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Ordinary People (DVD)
An extraordinary motion picture, Ordinary People is an intense examinati on of a family being torn apart by tension and tragedy. Dona ld Sutherla nd and Mary Tyler Moore star as the upper-middle-class couple whose "ord inary" existence is irrevocably shattered by the death of their oldest s on in a boating accident. Timothy Hutton is the younger son, struggling against suicide and guilt left by the drowning. Judd Hirsch is the empa thetic psychiatrist who provides his lifeline to survival. Mary Tyler Mo ore gives a riveting portr ayal of the inexplicably aloof mother. Robert Redford's achievement as director, after more than twenty years as a su perstar in fron t of the camera, earned him an Oscar® Superb performance s and masterful direction complement the award-winning screenplay, based upo n the novel by Judith Guest.]]>
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What struck me as most relevant upon this viewing (I'd seen this run on cable TV once before about 12 years prior) was the concept of flexibility. Conrad has two female companions and two parents. In each set, one models the ability to adapt and change one's mind once gathering new information while the other by contrast prefers to remain rigid in their thinking. At the end of the movie, Conrad grows closer to the girl and the parent that have this flexible approach while losing touch with the other girl and the other parent that cling to absolutes of perfection and should be's.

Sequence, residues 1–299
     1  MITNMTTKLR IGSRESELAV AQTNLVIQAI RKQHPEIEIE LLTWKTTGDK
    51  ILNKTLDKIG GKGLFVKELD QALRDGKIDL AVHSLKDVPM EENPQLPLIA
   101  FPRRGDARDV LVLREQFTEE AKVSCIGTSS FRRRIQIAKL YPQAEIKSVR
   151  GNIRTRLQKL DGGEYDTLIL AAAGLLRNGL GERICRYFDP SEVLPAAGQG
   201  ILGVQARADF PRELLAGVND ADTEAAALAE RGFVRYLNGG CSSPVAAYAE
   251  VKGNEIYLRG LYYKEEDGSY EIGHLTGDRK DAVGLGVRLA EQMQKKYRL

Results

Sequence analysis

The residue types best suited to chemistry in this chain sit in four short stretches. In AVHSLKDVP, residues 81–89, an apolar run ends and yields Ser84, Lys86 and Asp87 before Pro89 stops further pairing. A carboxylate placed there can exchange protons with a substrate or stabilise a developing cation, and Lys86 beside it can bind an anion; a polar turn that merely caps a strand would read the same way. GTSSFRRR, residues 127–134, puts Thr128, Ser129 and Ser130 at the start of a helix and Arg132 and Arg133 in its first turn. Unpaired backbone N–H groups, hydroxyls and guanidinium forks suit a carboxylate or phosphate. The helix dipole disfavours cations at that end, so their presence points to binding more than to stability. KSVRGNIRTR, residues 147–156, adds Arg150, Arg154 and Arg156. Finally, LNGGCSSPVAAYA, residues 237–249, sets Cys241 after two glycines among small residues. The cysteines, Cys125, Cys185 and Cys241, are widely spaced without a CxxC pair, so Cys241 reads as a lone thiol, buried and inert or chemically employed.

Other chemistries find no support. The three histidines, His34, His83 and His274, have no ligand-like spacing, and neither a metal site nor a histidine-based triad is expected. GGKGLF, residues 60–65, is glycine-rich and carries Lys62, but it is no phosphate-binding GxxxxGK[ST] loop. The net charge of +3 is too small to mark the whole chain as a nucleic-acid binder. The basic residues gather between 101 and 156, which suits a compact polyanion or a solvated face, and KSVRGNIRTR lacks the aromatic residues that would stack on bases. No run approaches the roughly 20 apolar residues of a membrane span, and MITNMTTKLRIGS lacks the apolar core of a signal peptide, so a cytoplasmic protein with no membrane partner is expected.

This movie deserved every award it got and more. This was a Mary Tyler Moore performance heretofore unseen or imagined. Timothy Hutton's career as an actor was entirely established by this movie. Donald Sutherland and Judd Hirsch are at their best.
The movie is exhausting to watch, but worth every minute. Like "Who's Afraid of Virginia Woolf?", I can only bring myself to watch "Ordinary People" every few years. After all these years, I still end up open-mouthed and overwhelmed as the film closes, both because of the subject matters broached and because of the powerful acting. "Ordinary People" sets a very high bar for Best Movies Ever.